Sound Input Type is Mono, and output type is either Stereo or 5.1, depending on your file. I used a Stereo Video and selected that.
Add the mono files to the “Input Files” and select an output directory. Create a new directory called “MXFAudio” and name your file “nameMXFAudio”, hit “Create MXF”
Now you should have a video and audio MXF file which can be combined to create the final DCP.
In OpenDCP select the “DCP Package” tab at the top.
This is the final step to create the DCP.
It is important that you use the “Title Generator” to name your DCP. The LMS Playback system at Ster Kinekor requires certain meta-data to be present in the name of the DCP for the projector to correctly identify the type of DCP you are creating.
The above name can be interpreted as follow: SHR: Short. EN-XX: English without subtitles. 20: Stereo. 2k: Resolution. Date.
Once you click on “Title Generator” you will be greeted by the following prompt:
UPDATE: “FACILITY” MUST BE FILLED IN FOR QC AT THE NEWER STERKINEKOR AND NUMETRO CINEMAS
I’ve filled in the most important data above. If the above is not filled in, the projector will not know what audio type or resolution your film is, and will continue to play using the previous settings. The “TYPE” field directly underneath the name is used to sort the media on the Player at Ster Kinekor. This makes it easier to build playlists.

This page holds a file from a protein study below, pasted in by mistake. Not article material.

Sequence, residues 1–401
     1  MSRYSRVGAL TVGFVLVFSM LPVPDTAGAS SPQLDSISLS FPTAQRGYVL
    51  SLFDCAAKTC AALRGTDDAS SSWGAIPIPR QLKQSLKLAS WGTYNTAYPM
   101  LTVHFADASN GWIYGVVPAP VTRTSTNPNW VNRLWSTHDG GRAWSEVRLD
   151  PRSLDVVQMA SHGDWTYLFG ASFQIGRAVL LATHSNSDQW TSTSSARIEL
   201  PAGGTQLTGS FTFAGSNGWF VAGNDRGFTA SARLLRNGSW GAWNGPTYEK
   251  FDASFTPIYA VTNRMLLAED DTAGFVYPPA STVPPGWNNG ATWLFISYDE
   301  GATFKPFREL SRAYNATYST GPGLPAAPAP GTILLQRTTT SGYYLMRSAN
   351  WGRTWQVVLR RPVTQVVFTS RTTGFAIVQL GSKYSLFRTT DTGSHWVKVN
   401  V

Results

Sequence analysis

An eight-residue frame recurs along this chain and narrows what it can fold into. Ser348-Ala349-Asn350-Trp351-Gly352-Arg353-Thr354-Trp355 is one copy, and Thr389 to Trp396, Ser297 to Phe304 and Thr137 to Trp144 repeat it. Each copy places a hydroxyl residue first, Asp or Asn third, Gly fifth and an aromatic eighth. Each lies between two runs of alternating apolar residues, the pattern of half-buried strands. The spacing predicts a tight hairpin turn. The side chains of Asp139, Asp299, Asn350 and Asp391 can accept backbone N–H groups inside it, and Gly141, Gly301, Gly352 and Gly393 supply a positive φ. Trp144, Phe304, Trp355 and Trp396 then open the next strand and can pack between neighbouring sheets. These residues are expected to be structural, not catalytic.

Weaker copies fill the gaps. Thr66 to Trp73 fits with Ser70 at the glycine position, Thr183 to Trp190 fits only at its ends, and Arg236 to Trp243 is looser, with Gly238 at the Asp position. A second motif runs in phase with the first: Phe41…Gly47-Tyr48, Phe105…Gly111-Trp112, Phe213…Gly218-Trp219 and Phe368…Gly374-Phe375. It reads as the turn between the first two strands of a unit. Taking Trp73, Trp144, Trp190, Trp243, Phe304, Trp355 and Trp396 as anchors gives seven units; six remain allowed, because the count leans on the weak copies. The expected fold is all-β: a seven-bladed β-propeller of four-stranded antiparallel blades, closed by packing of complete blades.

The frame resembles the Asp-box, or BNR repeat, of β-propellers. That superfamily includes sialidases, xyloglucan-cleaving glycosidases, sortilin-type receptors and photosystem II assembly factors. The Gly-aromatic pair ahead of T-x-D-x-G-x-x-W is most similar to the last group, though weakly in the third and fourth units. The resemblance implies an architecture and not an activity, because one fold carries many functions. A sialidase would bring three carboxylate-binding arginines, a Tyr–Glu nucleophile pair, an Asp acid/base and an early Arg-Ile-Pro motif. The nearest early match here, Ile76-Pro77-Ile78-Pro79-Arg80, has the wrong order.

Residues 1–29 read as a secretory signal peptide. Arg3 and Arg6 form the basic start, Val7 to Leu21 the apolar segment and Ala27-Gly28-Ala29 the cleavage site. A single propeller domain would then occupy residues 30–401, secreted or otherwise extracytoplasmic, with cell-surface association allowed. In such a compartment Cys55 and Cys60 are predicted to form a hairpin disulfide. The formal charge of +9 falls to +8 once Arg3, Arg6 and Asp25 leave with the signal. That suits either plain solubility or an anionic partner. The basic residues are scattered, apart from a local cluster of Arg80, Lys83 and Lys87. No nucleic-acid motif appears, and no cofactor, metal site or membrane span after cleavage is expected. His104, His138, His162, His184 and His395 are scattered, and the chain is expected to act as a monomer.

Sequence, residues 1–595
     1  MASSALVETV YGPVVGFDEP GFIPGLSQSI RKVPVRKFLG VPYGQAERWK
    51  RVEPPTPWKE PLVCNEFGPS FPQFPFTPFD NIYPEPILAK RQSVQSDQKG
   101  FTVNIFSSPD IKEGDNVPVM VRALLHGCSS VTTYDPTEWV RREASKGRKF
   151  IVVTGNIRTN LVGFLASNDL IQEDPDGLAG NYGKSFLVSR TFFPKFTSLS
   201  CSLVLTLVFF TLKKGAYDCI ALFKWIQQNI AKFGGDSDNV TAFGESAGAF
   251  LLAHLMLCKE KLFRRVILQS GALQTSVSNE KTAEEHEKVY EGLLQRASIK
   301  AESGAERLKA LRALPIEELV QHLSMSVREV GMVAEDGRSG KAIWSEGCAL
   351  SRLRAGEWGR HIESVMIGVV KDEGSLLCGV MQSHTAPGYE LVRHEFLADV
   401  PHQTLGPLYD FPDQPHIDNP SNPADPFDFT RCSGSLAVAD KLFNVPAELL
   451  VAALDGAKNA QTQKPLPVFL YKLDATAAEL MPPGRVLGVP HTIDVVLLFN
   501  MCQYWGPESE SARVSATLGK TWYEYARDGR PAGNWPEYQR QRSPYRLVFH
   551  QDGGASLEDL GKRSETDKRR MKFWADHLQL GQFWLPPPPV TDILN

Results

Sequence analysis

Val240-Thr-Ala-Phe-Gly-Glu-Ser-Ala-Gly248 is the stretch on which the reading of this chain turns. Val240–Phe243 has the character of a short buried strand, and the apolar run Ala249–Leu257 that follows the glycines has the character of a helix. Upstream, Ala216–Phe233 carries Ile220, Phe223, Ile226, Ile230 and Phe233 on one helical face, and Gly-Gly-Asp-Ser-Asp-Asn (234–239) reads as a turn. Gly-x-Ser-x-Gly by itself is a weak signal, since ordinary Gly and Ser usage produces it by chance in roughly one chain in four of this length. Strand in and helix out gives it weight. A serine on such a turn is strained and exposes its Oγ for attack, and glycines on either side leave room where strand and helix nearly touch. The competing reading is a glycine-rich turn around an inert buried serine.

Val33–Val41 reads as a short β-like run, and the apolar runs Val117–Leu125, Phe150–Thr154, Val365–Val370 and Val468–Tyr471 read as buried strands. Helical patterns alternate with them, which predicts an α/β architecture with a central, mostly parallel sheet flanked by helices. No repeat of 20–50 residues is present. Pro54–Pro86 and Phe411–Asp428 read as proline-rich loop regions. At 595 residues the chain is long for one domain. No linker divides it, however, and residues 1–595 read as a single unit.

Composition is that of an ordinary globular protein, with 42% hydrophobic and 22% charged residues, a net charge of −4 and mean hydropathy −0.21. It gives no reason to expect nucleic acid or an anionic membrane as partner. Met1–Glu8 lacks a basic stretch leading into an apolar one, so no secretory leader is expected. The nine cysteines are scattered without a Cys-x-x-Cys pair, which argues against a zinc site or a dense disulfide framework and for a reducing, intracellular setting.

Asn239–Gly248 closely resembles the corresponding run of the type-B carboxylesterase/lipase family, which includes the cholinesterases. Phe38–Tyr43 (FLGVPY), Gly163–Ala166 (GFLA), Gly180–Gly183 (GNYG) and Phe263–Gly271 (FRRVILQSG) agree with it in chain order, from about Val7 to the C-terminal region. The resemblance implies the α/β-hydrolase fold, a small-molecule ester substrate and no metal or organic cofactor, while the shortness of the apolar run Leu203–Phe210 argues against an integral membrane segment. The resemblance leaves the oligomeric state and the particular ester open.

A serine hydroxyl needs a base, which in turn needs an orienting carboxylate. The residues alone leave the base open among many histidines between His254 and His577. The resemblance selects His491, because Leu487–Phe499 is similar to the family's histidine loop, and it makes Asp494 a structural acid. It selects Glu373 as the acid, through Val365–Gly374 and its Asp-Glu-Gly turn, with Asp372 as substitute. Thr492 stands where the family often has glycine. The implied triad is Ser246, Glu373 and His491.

We will use SHORT SUBJECT for films, and TRAILER for Trailers.
Once you have the above filled out click OK.
Now add the XML files to Video and Audio respectively. You need to ensure the duration of all MXF files are the same (if they aren’t, you might have selected the wrong frame rate somewhere). In some cases the Audio and Video might differ by a couple frames. If this happens, you should adjust the audio to match the video. This does not change the content of the MXF files, it simply indicates to the player when to start/stop each MXF.
Hit “Create”, make a new folder called “nameDCP” and your DCP is created.
Your DCP package should look like this:
If you want to test your DCP package on your own computer, you’ll have to find DCP player software. They are very expensive but many demo versions are available. Just remember that the video is in xyz colour space, and will thus look low in contrast and saturation with a yellow tint. This is normal, the projector at the cinema will interpret the colours correctly when your film screens.
You are now ready to copy your DCP onto removable media and take it to the cinema for projection!
To give you a better understanding I’ve included some photos of the LMS system where the files are ingested to be played.
Above is the central LMS (Library Management System) where all DCP packages are ingested, play listed and scheduled to play in all the cinemas. The DCP’s are copied onto a RAID storage unit and then distributed to another RAID drive in each cinema connected to the projector.
Above you can see DCP packages that have been transferred, at the top: The Amazing Ordinary Story’s Trailer in Stereo 2K 2D. Underneath that is MothersKisses Advert in Stereo 2K 2D, and underneath that a incorrectly labeled DCP without any metadata.
Happy DCPeeing. If you have any questions, feel free to leave a comment, pop me an email or give me a call.